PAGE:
Though these are known for being race
horses primarily, they also make excellent jumpers. Their body build gives them great height and necessary
speed while leaving them agile, strong and with good endurance. It was first developed in England where
native mares were bred with imported Arabian stallions. Though used mainly for racing, they are also bred
for show jumping, dressage, polo and fox hunting. They are the "go-to" breed for a number of other breeds
as they provide a base for many new gene pools. They stand between 15 and 17 hands and are most often seen
in bay, brown, chestnut, black and grey, but can also been seen in roan and palomino. It is interesting to
know that any Thoroughbred born in the Northern Hemisphere has a birthdate of January first while those
born in the Southern Hemisphere are given the date of August 1 to help standardize racing.
2. Quarter Horse
Solidly built and generally sturdy, the
Quarter Horse is perfect for the beginning jumper. Eager to please they simply love to get out and do their
best. They are used for trail riding and even by mounted police units. It is an exceedingly popular breed with
a population of about 3 million. They are seen in rodeos, on ranches, and in show and pleasure events. The
American Quarter Horse stands between 14 and 16 hands and comes in colors from black and brown to bay,
chestnut, palomino, buckskin and grey. They were developed back in the 1700's by colonists and were the
favorite of settlers moving west, and cowboys rounding up cattle.
Smaller and thinner, yet more agile than both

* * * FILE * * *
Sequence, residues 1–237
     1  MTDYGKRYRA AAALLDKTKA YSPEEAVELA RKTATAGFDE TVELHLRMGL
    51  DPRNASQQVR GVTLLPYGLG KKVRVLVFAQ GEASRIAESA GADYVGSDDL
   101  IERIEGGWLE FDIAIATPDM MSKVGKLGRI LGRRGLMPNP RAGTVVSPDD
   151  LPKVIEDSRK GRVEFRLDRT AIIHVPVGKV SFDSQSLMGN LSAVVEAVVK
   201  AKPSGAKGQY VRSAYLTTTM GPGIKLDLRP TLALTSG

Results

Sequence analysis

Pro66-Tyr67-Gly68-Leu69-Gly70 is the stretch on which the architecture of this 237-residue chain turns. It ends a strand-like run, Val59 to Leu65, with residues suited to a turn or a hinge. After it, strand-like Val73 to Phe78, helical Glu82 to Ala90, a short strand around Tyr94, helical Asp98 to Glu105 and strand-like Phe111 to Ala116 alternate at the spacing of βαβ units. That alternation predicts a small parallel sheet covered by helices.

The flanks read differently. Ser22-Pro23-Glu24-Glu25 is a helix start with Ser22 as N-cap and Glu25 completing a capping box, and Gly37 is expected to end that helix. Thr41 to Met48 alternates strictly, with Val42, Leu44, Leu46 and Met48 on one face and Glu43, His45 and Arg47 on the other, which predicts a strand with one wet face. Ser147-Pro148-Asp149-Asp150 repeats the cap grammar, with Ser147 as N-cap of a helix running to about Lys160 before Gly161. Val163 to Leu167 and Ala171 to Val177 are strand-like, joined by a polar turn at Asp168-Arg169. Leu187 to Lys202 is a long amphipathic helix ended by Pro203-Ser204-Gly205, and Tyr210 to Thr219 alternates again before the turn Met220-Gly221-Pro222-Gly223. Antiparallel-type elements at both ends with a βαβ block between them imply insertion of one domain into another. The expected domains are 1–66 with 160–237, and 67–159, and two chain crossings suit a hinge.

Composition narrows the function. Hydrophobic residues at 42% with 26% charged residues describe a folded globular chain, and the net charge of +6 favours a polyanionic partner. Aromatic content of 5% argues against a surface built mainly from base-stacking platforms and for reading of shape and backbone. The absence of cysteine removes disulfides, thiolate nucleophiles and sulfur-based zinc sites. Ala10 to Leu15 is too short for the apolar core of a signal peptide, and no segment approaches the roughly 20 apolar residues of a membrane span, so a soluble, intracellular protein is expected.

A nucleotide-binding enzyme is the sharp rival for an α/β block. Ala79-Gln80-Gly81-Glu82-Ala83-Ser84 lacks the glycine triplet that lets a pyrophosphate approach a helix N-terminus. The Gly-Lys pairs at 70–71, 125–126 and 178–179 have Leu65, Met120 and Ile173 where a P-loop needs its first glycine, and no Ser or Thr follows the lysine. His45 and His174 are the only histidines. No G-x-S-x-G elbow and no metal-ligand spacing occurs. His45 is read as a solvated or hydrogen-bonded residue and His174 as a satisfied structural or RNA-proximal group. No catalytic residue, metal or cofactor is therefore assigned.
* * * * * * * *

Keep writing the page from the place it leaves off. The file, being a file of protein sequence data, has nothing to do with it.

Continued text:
the Quarter Horse and the Thoroughbred, the Arabian has plenty of energy to get it over a jump. They are a bit
difficult for beginners, however. They are perhaps the best known breed of horse, with a history shrouded in
legend with little historical fact. It is known that they existed as far back as 5000 years ago and has been
very carefully bred throughout its history. The Arabian is a horse with lean body that stands between 14 and 15
hands. They are used in a variety of shows including hunting, jumping, racing, dressage, trail riding and
various working roles. It is interesting to note that only mares have been used historically for war and hunt,
stallions were kept solely for stud.
This is a less popular desert breed with an
incredibly heat tolerance and notable edurance level. They are similar in appearance to the Thoroughbred, enjoy
jumping and are quite good at it. They are docile and sweet natured, making good companions as well as amazing
jumpers and some breeders are even mixing the Trakkener and Thoroughbred lines in order to get the best of both
worlds. It is known for having a "floating" trot. Trakkeners stand between 15 and 17 hands and can be any color
with bay, chestnut and black being the most common.
Though some horses may be too round to get
over the high jumps, they are strong and determined and won't balk at a jump that another horse may find scary.
Excellent for younger learners as they are a very versatile breed with great endurance and excellent
disposition. Though they can be stubborn, they are also extremely intelligent. Developed by the Nez Perce
Indians, they originate in the Northwest of America. They were selectively bred by the Nez Perce who became
excellent horsemen with strong, fast and sure footed mounts. The short mane and tail were selectively bred so
the horses would not get caught in the brush. Standing at 14.2 hands, this is a light breed used in a variety
on contexts including showing and riding.
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